Tell me about a time you failed or made a mistake is one of the most challenging and tricky questions asked by the interviewers. 

Don’t be afraid of this question. Mistakes and failures are inevitable, and everyone makes them at some point during their job.

Evaluation Criteria

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Through this question, the interviewer is trying to understand your level of maturity and personal accountability.

They want to see how do you handle the situation when you experience a setback. 

They are looking for candidates who:

  • Can take ownership of their actions,
  • Are self-aware, and
  • Strive to improve themselves using the learnings of their past experiences.

Question 4: Tell me about the project that you are most proud of

Another popular behavioral interview question is: "Tell me about the project that you are most proud of."

Evaluation Criteria

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Through this question, the interviewer is trying to assess whether your core skills and work ethics align with the company’s culture or not.

They are also trying to get a reading on how you define professional success.

Your answer should focus on the project’s impact and outcomes, as this will demonstrate to the interviewer what you consider important and how you get things done.

Question 5: Tell me about a time you had to manage conflicting priorities

Time management is a crucial part of everyone’s career. Interviewers often ask candidates to tell about a time when they had to manage conflicting or shifting priorities at their workplace.

Evaluation Criteria

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Everyone deals with conflicting priorities and shifting deadlines in their jobs.

  1. The interviewer’s goal is to evaluate:
      —  How you manage your time,
      —  Exercise judgment,
      —  Communicate, and 
      —  Shift gears when needed.
  2. They want to know if you can handle competing priorities and understand the implications of missing deadlines.
  3. The interviewers are trying to assess whether you can work under challenging situations or unstructured environments and distinguish between the urgent and the important.
  4. They are also looking to see if your coworkers can rely on you to get the work done.

Question 6: Tell me about yourself

A common question asked by the interviewers at the start of the behavioral interviews is: "Tell me about yourself."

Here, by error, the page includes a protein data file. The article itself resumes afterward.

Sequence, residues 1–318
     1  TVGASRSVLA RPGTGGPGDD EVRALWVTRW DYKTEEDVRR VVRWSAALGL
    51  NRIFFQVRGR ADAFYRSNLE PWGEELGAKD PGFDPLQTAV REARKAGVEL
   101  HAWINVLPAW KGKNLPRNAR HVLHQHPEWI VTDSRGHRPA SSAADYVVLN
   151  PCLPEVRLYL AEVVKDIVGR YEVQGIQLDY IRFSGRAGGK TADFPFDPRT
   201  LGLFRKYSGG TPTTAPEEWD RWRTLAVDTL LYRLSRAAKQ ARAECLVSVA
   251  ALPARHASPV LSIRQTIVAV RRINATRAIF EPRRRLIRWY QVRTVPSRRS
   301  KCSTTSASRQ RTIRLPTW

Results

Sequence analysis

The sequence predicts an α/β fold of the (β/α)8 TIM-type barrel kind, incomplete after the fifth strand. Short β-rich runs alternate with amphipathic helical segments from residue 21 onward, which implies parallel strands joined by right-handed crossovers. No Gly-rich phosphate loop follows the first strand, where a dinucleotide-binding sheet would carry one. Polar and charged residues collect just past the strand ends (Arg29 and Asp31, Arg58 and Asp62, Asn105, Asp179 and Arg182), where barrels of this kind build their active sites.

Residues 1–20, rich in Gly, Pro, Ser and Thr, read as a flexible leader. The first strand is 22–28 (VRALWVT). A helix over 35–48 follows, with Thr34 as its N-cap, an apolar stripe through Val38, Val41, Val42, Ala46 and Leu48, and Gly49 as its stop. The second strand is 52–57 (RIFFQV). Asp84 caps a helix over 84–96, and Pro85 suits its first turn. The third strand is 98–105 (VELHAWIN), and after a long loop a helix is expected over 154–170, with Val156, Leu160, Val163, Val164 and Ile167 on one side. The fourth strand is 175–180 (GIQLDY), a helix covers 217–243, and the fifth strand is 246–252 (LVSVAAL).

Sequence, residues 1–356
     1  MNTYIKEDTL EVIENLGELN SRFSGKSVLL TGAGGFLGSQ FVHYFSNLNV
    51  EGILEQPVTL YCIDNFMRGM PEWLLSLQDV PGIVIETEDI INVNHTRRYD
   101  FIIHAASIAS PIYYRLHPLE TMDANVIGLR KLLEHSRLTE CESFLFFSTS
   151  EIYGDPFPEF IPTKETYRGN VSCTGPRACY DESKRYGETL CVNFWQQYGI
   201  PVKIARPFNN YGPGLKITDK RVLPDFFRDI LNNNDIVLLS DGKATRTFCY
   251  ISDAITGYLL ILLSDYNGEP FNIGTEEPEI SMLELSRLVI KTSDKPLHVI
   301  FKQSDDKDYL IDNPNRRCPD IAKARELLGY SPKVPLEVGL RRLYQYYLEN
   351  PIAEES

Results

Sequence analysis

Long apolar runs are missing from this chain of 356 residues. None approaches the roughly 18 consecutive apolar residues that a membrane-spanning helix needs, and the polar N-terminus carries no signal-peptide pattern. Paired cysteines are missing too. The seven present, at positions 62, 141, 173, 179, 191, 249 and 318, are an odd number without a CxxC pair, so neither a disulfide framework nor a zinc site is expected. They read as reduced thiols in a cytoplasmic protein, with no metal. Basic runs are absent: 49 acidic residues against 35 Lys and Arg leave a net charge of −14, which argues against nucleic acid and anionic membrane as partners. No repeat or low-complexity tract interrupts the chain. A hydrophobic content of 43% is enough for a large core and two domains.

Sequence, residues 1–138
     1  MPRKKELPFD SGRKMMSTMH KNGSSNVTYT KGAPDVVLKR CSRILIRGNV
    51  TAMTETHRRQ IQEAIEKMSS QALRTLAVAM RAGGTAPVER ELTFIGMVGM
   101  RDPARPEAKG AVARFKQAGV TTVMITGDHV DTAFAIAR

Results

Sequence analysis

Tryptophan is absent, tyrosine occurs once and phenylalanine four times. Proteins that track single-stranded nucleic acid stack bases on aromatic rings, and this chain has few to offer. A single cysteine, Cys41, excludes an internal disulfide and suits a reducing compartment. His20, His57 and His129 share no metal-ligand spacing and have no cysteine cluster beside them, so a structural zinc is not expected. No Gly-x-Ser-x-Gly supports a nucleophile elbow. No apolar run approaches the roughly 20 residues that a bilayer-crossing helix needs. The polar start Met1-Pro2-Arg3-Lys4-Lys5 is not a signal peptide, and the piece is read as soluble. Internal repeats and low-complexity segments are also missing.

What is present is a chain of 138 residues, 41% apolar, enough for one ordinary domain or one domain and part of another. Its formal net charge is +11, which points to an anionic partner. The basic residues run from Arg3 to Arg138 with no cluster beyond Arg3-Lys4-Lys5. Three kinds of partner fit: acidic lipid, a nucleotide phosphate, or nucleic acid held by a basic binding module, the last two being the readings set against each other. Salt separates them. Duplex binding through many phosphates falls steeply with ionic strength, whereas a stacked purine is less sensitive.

Evaluation Criteria

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  1. This introductory question helps the interviewers in one of their primary goals, which is to get to know you.
  2. Interviewers try to learn various aspects about you from:
      —  Your current and past experiences,
      —  Your core strengths, 
      —  Your personality, and
      —  Your ability to respond to an unstructured question.
  3. They also notice how well you can connect with your colleagues and communicate your ideas clearly and effectively.

Question 7: Why do you want to leave your current role?

Interviewers often ask the question in behavioral interviews, why are you leaving your current role?

Evaluation Criteria

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Through this question, the interviewer is trying to understand your intrinsic motivation to check whether you are running away from something or running towards something.

It is an excellent opportunity to demonstrate to the interviewer that you are someone who looks forward with a positive attitude in general.

Question 8: Do you have any questions for me?

The interviewers often asked a critical question towards the end of the behavioral interviews: “Do you have any questions for me?”

Evaluation Criteria

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This question helps the interviewer to gauge your passion and interest in the current role you are applying for.

It would be best to frame your questions specific to the role and the company you are interviewing for. This will help demonstrate to the interviewer that you have done your homework about their company and culture.

It also gives you an opportunity to end the interview on a strong note.

Resources

Video explanation with Evaluation Criteria, Response Framework, and Tips & Tricks to effectively prepare and answer the above questions in the interview. Certain special cases are also discussed which are usually faced by the candidates during these interviews.

This article is part one of the series on Behavioral Interviews at Facebook. Stay tuned for Part 2. Thanks for reading!

📸 Some images used are from freepik.com - Freepik, pch.vector, vectorjuice, pikisuperstar, rawpixel.com, slidesgo, stories, Upklyak, jcomp